Renesmee?? This is definitely how I named one of my characters when I was 15.
Also, creepy. I almost want to watch this movie now to see how they made this work.
(If you don't know what I'm talking about you don't want to. ...but google "Jacob & Renesmee" and you'll figure it out)
I did feel like the end dragged on a bit. I kept expecting it to be over with a nice “to-be-continued” swoosh so you have to go read the next book to see what happens, but unlike most YA series, I felt that this could be a stand alone novel, kind of like Harry Potter and the Sorcerer’s (Philosopher’s) Stone. You come back to the next book for the pure enjoyment of reading and attachment to the character, not because you have to see if Bella and Edward get back together*. And I really appreciated that.

*I feel like I just ragged on Twilight a lot, which is silly because I totally binge read all four of those books and definitely enjoyed them. I get that the writing style felt like reading my 14-year-old journal but it was super entertaining and I was totally Team Edward. The end of the last book was RIDICULOUS. The movies were ridiculous. That being said, I found the whole story very satisfying.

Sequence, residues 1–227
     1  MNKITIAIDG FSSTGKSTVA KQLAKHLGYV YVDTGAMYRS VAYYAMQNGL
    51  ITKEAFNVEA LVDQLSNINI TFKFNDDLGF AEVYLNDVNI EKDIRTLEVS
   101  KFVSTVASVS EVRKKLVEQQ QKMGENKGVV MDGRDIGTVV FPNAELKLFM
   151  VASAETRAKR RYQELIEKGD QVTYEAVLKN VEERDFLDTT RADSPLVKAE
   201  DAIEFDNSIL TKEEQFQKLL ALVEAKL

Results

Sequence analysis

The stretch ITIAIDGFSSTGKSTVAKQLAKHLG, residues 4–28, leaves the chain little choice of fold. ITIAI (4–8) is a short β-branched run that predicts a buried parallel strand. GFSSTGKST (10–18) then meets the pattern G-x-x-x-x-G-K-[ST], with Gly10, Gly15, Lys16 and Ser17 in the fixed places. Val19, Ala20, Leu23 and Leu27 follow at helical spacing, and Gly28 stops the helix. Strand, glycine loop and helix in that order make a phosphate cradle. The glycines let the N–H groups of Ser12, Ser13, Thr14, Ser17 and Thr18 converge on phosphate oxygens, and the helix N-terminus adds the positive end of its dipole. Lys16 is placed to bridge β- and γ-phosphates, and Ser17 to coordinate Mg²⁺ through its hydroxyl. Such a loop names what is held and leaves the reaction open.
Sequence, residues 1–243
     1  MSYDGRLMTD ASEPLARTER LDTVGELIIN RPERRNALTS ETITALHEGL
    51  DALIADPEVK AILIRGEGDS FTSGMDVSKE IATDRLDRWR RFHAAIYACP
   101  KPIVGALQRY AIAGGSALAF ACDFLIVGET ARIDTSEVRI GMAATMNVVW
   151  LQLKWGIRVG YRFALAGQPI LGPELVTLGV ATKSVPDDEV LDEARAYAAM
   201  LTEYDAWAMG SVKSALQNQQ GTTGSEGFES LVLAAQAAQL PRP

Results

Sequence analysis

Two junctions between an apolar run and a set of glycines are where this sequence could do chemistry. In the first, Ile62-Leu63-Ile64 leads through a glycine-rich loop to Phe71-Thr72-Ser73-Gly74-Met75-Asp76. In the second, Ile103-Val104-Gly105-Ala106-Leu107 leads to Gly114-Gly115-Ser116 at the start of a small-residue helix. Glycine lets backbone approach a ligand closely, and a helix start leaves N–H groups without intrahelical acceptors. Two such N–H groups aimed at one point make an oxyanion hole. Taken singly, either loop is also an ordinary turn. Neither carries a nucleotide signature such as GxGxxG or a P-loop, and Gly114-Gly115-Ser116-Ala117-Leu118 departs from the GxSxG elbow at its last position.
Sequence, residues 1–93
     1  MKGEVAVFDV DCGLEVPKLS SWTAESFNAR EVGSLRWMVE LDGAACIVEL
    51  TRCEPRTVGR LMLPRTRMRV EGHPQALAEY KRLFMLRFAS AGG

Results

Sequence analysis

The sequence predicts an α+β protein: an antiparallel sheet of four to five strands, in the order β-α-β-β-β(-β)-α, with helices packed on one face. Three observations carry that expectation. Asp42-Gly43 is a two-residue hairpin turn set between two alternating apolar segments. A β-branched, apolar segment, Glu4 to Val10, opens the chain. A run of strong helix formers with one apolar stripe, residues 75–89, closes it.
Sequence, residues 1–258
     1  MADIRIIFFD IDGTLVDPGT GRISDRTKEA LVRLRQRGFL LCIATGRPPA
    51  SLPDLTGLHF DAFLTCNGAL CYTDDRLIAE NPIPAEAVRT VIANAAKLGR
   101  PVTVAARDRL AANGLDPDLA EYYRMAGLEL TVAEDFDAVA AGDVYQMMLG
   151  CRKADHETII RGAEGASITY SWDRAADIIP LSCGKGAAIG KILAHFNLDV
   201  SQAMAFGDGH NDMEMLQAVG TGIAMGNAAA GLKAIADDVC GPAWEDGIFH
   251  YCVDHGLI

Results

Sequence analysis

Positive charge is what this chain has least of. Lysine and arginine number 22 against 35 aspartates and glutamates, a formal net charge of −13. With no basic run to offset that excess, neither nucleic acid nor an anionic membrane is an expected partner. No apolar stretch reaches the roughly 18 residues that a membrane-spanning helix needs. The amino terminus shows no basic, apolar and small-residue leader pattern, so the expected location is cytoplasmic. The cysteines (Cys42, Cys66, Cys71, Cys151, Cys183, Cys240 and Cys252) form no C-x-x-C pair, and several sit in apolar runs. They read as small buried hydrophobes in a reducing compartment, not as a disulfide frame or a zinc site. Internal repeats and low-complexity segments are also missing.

Wednesday, May 7, 2014

My New Spirit Animal + May Kid's Books

Boyfriend: Are you reading a picture book?
Me: Yes
My inner monologue: Don't you read my blog? what kind of a boyfriend are you? the non-stalker kind?
Me: For teaching. I want to find good books to read to the kids. And I use them for acting class scripts sometimes.
Boyfriend: Oh!
His Inner Monologue: I thought the recent Game of Thrones had so psychologically damaged you you gave up reading books for grown ups.

See, he cares.

This Month's Picture Books

Super cute book for little ones that gets them involved in the action, with something for them to do before you turn each page. 

"Make loud noises to distract them!" -- my favorite thing to do in class, probably not my neighbors favorite thing for me to do in class...

Definitely saving this one for the little kid classes I'm teaching this summer!